Beginning in 2014, the Employer Responsibility provision would require employers with 50 or more workers to provide health coverage. Employers who refuse to provide the mandated coverage in 2014 will be hit with a $2,000 per employee yearly penalty -- applied to all but the first 20 employees. Spread over a year, the penalty would add 95 cents an hour to the cost of a full-time worker.
This provision wasn't in question in the Supreme Court case, but critics say it could hurt small businesses that have more than 50 workers and can't afford to offer health care coverage. Moreover, it could curb hiring among companies that have fewer than 50 employees.
It's a very difficult decision that they have to make, whether to pay a penalty or buy insurance, said Gregory W. Moore, a Detroit-based 20-year health care law veteran and chair of Clark Hill's National Health Care Group.
If I were an employer and I was at that threshold [of having 50 workers], I would stay below it, Moore said.
Others point to another provision in the 2010 law that could discourage hiring.
A lesser-known provision of Obamacare penalizes small businesses for hiring more than 25 employees, said Ben Piper, President of Ben Piper Consulting LLC. Small businesses that have 25 or fewer employees and offer health care insurance will receive a 35 percent tax credit under the law.
Small businesses have been a rare bright spot in the economic recovery. Private employment rose 67,000 at small businesses -- those with up to 49 workers -- in May, which accounted for more than half of the 133,000 gain in total private-sector payrolls last month, according to an ADP survey.
However, polls in recent months have shown that the health care law is a major impediment to small business owners' hiring.
Nearly three-out-of-four (73 percent) small businesses surveyed by the U.S. Chamber of Commerce cited the recent health care law as an obstacle to growing their business and hiring more employees.
It [the health care law] will absolutely impact job growth, especially to the small business owner who happens to have just over 50 employees, said Steve Siebold, an expert in the field of critical thinking and mental toughness training. You can bet that smaller companies are going to cap their workforces [at] 49 employees.
The Employer Responsibility provision will also drive small employers not to add full-time workers to their staff, but instead will encourage them to contract out work or bring in temporary workers instead, said Sudy Bharadwaj, co-founder and Chief Executive Officer of job search platform Jackalope Jobs.
According to the non-partisan Congressional Budget Office, ACA will reduce the labor force by 800,000 over the next decade and estimates that the cost to American businesses due to inability or failure to comply will be $52 billion.
Unemployment in America has been a huge problem over the last few years, and while the numbers have been starting to slowly improve, Obamacare is going to be to blame for the impediment of job growth and job creation, Siebold said.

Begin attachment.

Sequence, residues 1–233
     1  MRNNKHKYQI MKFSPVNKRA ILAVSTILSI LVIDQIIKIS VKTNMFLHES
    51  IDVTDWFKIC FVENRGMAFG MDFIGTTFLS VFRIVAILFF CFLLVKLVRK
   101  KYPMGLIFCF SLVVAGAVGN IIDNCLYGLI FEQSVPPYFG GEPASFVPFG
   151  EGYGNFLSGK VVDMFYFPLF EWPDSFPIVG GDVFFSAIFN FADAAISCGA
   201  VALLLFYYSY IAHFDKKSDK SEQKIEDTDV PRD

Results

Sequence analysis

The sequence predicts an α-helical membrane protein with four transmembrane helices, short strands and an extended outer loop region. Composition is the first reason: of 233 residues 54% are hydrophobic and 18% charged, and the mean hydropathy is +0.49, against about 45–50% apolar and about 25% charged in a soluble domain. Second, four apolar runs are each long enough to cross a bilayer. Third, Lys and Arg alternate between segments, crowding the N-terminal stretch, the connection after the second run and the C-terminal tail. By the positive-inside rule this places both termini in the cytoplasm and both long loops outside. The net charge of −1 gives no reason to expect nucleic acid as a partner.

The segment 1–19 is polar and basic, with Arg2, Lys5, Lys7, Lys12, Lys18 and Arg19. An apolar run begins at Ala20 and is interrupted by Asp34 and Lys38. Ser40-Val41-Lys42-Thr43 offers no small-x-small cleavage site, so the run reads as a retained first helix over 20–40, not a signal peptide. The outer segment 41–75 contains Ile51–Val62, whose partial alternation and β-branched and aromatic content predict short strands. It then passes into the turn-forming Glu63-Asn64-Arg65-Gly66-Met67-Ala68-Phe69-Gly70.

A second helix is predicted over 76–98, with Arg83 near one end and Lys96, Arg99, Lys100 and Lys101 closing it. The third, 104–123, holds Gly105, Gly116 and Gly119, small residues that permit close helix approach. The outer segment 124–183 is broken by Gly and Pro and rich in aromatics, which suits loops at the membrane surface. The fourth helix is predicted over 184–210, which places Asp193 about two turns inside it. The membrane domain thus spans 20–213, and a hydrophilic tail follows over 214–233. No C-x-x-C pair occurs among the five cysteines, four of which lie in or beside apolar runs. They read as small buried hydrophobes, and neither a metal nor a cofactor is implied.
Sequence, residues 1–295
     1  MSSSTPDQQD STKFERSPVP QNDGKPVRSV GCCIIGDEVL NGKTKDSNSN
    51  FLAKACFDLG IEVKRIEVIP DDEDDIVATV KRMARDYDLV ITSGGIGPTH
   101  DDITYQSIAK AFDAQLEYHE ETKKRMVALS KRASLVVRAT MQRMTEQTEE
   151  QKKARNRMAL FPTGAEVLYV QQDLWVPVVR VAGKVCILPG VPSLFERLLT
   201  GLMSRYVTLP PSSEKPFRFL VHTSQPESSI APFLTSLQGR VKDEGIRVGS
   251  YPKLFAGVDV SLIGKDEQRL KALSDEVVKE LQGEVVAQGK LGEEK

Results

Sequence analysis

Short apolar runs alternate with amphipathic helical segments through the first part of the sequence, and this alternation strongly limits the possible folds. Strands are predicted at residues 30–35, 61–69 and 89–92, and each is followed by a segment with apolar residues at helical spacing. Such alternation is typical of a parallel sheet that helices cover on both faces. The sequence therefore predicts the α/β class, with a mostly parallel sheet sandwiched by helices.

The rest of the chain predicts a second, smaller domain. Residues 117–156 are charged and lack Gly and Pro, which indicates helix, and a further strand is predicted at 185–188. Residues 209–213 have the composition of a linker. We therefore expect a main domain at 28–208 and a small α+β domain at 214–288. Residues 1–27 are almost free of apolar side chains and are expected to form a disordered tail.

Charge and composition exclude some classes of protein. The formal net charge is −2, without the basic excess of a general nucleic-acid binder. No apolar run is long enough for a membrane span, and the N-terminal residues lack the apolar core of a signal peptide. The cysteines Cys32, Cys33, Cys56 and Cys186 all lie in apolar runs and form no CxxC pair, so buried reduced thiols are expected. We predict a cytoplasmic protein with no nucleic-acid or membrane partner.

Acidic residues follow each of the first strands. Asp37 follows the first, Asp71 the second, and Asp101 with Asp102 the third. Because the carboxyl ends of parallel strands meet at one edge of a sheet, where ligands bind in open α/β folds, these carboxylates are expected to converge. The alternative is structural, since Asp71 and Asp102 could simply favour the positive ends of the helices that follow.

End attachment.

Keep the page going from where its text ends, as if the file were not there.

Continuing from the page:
The current labor market condition doesn't look so rosy. Payrolls grew at the slowest pace in a year in May, showing a paltry 69,000 job gains, while the unemployment rate has been stuck above 8 percent since February 2009.
Federal Reserve officials predict that the jobless rate will not fall below 8 percent before the end of this year.
Small-business groups, including the National Federation of Independent Business (NFIB) and the International Franchise Association (IFA), also voiced their concerns.
The NFIB, the lead plaintiff in the lawsuit against the health care law, said it was incredibly disappointed in the Court's decision.
The overall health care bill in our opinion doesn't work for small business, NFIB president and chief executive officer Dan Danner said in a phone conference. Their costs are still going up, and we believe that the remaining bill will make their costs worse, not better.
In a statement, IFA President and CEO Steve Caldeira said that by upholding the law, 3.2 million jobs at franchise businesses continue to be put at risk due to the employer mandate provision, thereby discouraging and disincentivizing the creation of new jobs and business expansion.
The Affordable Care Act, and specifically the employer mandate, does not provide solutions to the cost and access issues it set out to address, but rather hurts the employees it aims to assist, Caldeira said.
According to Moore, there is overstatement on both sides of the aisle as to how good the Affordable Care Act is for the economy and how bad it is for the economy. The impact remains to be seen, Moore said.
What we do know is that health care costs are not going down with the Affordable Care Act, they are going up, Moore said. We've got to figure out how to pay for care for 35 million people who just got subsidized care or free care through Medicaid, and that's going to be very expensive.